James 'Tuck' McIntyre stood next to Tom Vallance as part of the proud General Committee
after the first Scottish Cup Victory.
Hugh McIntyre with the Blackburn team of 1883, middle row, 2nd from left

Donald and John Robertson Gow

1886 saw the 'competitive' debuts of brothers Donald and John Robertson Gow. Donald made his debut as an 18 year old v Vale of Leven in April 1886 and would be part of the team that shared the very first Scottish League Championship in 1890/91. His other Rangers claim to fame is that he was the very first Rangers player to Captain Scotland whilst at the Club. Unfortunately it ended in a 5-1 defeat to England at Hampden in March 1888 and would be his one and only Cap.

He would go on to play for Sunderland after 8 seasons as a Ranger. On the occasion of Rangers very first Scottish Cup victory in the 1894 Final v Celtic, a Birmingham Telegram Office was handed the message, "Good Old Rangers......Congratulations from Sunderland FC.......Donald."

His brother, John Robertson Gow, had a more important role to play at Rangers after his playing days were over. His competitive debut was in September 1886 v Govan Athletic, his 5 seasons at the club would see him make only 60 appearances as a striker. It was as an adminstrator where he would make his mark at Rangers,  and would become Rangers President from 1896-98. When the Club became a Ltd. Company in 1899, he would be voted onto the board.



Donald Gow, left, the first Rangers player to
Captain Scotland, and his brother, John Gow,
one of the first members of the Rangers
board after becoming a PLC.







Hugh and Andrew McCreadie

The McCreadie brothers had remarkably similar Rangers careers. Hailing from Girvan, they made their debuts in the same match, a 5-2 home win v Hearts in August 1890. Hugh played 196 games as a striker scoring 59 goals whilst defender Andrew played 195 matches, scoring 15 goals from centre half despite only being 5' 5" tall. The brothers also scored in the same match, v Northern in 1892, a 6-2 victory which saw Hugh grab a Hat-Trick and Andrew with a solitary strike. Both men were vital cogs in the first Championship and Scottish Cup winning sides and deservedly take their place as Rangers greats of the 1890s.

Hugh's connection with Rangers didn't end when his playing career ended. The letter below is his application for position as Ibrox Groundsman when he was well in his fifties, citing Sir John Ure Primrose as his reference.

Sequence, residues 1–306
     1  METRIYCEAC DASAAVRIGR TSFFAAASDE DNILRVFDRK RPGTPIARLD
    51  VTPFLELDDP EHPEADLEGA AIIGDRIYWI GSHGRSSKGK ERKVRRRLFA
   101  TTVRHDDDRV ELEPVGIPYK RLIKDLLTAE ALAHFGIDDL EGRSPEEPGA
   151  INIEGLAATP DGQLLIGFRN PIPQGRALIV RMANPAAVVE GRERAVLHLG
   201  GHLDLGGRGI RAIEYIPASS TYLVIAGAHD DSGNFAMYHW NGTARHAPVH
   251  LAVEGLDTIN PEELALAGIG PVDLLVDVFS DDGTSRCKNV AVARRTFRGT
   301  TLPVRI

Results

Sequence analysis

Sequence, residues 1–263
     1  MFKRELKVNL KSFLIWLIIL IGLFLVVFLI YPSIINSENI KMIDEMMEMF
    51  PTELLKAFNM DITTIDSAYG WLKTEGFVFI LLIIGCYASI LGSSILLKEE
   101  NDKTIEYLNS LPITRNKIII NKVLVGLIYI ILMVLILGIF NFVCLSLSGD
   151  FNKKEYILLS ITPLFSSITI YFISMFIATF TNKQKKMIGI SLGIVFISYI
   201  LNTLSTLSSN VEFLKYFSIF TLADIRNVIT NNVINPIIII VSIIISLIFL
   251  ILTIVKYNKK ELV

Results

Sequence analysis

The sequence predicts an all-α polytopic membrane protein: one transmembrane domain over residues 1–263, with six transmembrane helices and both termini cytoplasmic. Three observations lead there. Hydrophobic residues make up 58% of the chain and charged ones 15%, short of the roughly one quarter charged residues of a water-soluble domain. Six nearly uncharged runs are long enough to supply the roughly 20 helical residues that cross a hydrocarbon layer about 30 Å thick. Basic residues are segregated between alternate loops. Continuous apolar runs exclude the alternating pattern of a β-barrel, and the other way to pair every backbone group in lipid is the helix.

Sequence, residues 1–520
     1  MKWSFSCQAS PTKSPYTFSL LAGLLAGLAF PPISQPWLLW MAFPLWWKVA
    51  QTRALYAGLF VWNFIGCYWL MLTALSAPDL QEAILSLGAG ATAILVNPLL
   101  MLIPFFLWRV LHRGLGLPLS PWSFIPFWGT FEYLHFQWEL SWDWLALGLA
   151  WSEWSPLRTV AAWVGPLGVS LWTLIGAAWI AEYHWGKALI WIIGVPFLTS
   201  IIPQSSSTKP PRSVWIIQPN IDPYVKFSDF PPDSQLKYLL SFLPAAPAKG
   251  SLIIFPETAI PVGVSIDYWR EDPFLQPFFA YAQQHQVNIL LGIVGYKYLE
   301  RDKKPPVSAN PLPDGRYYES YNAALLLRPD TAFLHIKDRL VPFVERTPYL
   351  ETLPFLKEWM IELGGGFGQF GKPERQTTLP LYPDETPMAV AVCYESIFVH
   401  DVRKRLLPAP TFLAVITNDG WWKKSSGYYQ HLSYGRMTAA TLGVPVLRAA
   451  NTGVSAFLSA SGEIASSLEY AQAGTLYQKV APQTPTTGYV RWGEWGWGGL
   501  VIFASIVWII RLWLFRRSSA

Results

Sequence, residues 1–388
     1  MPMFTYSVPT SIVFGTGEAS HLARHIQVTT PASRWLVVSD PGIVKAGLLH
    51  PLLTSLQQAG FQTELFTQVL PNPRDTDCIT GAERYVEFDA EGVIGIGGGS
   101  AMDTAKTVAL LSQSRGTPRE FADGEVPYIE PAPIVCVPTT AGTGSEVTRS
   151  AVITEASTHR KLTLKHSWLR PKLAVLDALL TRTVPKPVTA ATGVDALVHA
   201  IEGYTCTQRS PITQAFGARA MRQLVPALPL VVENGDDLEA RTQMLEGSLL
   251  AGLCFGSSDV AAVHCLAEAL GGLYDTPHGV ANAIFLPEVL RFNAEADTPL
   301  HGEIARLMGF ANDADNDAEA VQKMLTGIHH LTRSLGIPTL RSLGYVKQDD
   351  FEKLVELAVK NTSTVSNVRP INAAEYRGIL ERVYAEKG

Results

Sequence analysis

The McCreadie brothers posing triumphantly in the first ever Rangers side to life the Scottish Cup
Hugh McCreadie's Letter to Rangers for position of Groundsman and Trainer

Willie and Walter Waddell

A little known fact is that the great Willie Waddell's younger brother, Walter, was also on the books of Rangers between 1946-48. A first team appearance didn't happen for him, although they are pictured together in this Squad photo taken at Ibrox. Walter did, however, play for Queens Park at some point in the 1940s.

Willie Waddell (sitting, far left) and his brother Walter ( Middle Row, 4th from left)

Sandy and Jamie Jardine

Sandy Jardine was born five minutes ahead of his brother Jamie, time enough, it seems, for him to lay claim to the luck which his twin never enjoyed enjoyed in football.

Although Jamie played at Ibrox for a brief spell during the late 1960s his big brother was the one who was destined to make a hugely successful career out of the game.

Playing on opposite wings at primary and secondary school, it was Sandy who got the call first from Rangers before it was Jamie's turn to try and impress the Ibrox management during his 4 month spell as a trialist. "I played in the Third team alongside the likes of Alfie Conn and Squeakie ( Alex Miller)," he says in the Sandy Jardine Testimonial Program from 1982. "I was disappointed I wasn't kept on." On being let go by Rangers, he played Junior with Penicuik, but gradually faded away from football.

Twins Sandy and Jamie Jardine

The de Boers
The Fergusons
In more recent times, the Ferguson brothers, Derek and Barry, have both been at the heart of a Rangers midfield. Both extremely talented, both had their fall outs with Rangers managers but the success they enjoyed at the club were at opposite ends of the scale. The de Boer brothers were arguably the last real world class players we have had at the club. Frank's visit was fleeting, 17 appearances with 2 goals and unfortunately, a missed penalty v Hibs in the 2004 League Cup Semi Final shoot out. Memories of Ronald are mostly of that one magical season he had when injury free, and of course his 4 goals against Celtic. He was instrumental in the 2002/03 Campaign which saw us win our seventh Treble including the League for the 50th time, and for Ronald his only League Title in his four years at Rangers.

One can only imagine the superlatives we would be using in this day and age if the Laudrup brothers had pulled on the Light Blue and stood shoulder to shoulder in a Rangers lineup. Today, however, the only brothers playing a part in the continuing Rangers story are in the Ibrox boardroom.


PS, Here's the real John Robertson Gow!